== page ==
Social commerce: what curious marketers can do now - The Social Element
social commerce

Social commerce: what curious marketers can do now

Many of you reached out after reading Director of Strategy Michael Baggs’s recent blog post on the state of social shopping and wanted to learn more. Here are a few more pointers on where to start.

Pick a platform:

I’ve previously blogged about how to identify which platform is right for your brand and its customers. 

In short, most social platforms allow for social shopping one way or another, but each has limitations. Keeping your goals in mind, take a look at what each platform has to offer, what your audience expects, and see which one is best for you.

  • Facebook and Instagram are straight forward and have created easy onboarding guides.
  • YouTube allows you to showcase products on what they call a “merch shelf”, but only if you have upwards of 10,000 followers. 
  • Snapchat boasts in their literature that their users are 60% more likely to make an impulse purchase on the platform, so it’s a great place for brands that can support that – we’re thinking B2C brands, for example. 
  • Twitch is one of the easiest platforms to use for social shopping, as the whole process uses widgets, which you can drag and drop. 
  • Pinterest’s pins have a much longer shelf-life than most social content, so it tends to generate a very long term sales funnel. The platform also makes it extremely easy for brands to sign up, claim their domains and then start pinning to boards.
  • TikTok is a wonderful place to tell stories about your products, but it’s not a place many brands are looking to drive purchase traffic from at the moment. 

Dive deep into your audience’s behaviour 

Once you know which platforms you plan on using (because they match where your audience is and allow you to sell what you want in a way that makes them want to make purchases) it’s best to do a deep dig into understanding:

  • Who your audience is on each platform
  • Why they’re using it
  • How they consume content on it
  • Who are great examples of brands and content creators in your niche who are already winning 

Identify a gap in the market 

Analyse what your competitors are doing and see if you can offer something different or do something better. Also, keep in mind that your audience (or the audience you want to attract) may want different things from what competitors have on offer.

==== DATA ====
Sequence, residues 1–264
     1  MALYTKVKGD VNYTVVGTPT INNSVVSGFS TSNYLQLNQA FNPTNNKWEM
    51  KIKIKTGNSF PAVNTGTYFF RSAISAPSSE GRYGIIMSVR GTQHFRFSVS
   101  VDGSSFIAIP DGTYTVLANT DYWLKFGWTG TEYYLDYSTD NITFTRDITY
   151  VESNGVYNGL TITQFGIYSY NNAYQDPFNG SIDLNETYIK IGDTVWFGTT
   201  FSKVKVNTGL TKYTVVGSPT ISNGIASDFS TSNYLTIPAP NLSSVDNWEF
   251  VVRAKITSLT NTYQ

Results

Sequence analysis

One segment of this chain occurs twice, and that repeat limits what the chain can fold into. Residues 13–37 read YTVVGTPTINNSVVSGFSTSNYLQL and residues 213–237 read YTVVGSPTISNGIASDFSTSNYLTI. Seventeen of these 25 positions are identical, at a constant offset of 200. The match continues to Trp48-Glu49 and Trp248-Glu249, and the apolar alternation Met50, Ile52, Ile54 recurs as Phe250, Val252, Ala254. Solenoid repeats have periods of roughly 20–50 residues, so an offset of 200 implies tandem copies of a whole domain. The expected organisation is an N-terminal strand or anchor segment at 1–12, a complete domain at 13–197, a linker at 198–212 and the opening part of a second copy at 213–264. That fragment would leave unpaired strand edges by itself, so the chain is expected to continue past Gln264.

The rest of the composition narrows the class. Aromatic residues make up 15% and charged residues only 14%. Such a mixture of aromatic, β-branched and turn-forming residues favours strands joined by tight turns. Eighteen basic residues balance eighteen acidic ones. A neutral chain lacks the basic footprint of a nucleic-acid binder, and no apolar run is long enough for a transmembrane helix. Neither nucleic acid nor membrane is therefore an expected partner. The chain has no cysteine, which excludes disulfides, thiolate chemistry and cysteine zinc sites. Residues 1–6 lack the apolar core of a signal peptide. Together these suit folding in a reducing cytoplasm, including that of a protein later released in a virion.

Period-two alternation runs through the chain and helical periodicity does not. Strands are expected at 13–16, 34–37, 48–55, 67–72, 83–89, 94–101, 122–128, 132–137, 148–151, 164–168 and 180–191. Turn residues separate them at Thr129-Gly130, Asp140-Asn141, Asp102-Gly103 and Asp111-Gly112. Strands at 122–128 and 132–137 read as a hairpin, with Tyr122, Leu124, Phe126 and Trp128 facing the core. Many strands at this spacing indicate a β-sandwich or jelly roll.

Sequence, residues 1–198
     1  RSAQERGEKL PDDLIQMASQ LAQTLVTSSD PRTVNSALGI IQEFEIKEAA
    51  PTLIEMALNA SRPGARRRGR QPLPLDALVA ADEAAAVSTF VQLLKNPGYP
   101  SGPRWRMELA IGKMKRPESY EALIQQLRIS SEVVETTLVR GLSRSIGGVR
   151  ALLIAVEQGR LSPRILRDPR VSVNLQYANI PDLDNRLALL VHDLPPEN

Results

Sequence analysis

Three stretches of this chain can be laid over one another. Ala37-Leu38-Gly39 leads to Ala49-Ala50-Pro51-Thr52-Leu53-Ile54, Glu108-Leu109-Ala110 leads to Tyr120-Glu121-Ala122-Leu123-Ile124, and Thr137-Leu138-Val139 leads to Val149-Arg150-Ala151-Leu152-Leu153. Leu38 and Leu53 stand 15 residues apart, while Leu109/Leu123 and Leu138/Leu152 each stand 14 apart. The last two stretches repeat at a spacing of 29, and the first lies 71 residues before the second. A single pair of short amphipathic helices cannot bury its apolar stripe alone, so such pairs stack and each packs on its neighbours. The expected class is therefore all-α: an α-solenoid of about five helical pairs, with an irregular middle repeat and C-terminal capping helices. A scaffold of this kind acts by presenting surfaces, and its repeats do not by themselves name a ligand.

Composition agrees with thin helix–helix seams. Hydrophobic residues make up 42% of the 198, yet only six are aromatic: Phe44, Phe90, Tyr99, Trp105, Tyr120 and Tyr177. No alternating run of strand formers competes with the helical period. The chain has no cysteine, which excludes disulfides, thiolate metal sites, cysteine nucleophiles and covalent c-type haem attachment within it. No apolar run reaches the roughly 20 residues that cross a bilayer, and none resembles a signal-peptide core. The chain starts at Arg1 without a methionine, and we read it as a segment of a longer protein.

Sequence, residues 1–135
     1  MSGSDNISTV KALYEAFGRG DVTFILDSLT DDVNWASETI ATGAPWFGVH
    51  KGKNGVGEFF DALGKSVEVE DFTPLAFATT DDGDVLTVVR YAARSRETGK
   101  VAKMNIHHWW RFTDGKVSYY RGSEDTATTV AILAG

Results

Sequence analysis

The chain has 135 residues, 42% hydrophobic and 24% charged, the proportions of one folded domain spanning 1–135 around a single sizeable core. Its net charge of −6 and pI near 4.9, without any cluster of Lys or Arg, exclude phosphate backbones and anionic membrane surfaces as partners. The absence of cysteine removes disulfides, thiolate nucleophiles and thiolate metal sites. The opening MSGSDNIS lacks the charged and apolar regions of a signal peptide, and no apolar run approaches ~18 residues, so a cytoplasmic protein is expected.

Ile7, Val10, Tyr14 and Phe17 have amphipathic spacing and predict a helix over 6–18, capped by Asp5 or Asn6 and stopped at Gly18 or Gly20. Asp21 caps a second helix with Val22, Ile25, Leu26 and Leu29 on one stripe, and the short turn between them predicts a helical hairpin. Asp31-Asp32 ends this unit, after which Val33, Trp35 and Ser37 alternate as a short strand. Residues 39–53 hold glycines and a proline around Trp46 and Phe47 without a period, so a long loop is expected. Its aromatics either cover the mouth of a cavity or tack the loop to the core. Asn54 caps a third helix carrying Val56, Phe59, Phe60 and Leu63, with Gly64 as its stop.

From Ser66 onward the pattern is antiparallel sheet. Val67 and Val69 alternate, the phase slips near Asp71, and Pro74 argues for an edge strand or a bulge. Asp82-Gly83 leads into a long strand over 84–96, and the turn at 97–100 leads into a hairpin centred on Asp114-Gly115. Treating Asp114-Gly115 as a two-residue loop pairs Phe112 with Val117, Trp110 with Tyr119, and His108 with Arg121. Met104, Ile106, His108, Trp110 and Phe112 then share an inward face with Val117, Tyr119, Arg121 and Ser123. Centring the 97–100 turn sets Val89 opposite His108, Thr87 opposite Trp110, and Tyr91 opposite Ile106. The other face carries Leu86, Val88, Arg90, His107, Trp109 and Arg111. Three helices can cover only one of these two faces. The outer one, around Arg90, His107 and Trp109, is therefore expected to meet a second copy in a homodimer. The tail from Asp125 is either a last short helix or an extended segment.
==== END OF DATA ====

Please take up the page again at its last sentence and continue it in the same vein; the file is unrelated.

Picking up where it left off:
Maybe your rivals are producing beautiful lifestyle and comedic content, but if your audience is more interested in long-form documentaries and behind the scenes content, this is what you could focus your efforts on, rather than trying to compete in an area that your customers won’t find engaging.

Look for ways to engage your audience. If you see people asking lots of questions on the posts of other brands, why not run Q&As and turn those conversations into further content? 

Remember that there’s often a lot more to the average sale than just pushing a product and a price. Social media will also help you create and share content that builds long-term relationships with people – building up their confidence in the brand and encouraging them to come back and browse again. 

Remember that we don’t just discover content on our social feeds. Many people will navigate to your profile or home page on whatever app they’re using. Is it set up to take people on a sales journey?

Long-term thinking is the key to simple maintenance

Maintenance varies from brand to brand and platform to platform, but there are some key things to keep in mind for many apps and networks:

  1. Don’t advertise things people will not be able to buy in the future. If products sell out or are discontinued, you need someone to archive the posts. There is nothing worse than falling in love with something you can’t have.
  2. Keep the content and product teams close, so any changes to product features, pricing or similar can be updated asap. 
  3. Ensure that content production includes assets optimised for social selling, too. For example, make sure that additional shots are taken with simple backgrounds that have less noise, so anything your social team writes over the top is legible.

It’s best to go into social commerce with a long-term plan in mind.

You may not be flooded with sales overnight. You may need to build up consumer confidence with engaging and inspiring content for some time before people start to buy. 

However, if you invest time in the planning phase of social shopping, there’s no reason why it can’t be a successful endeavour.

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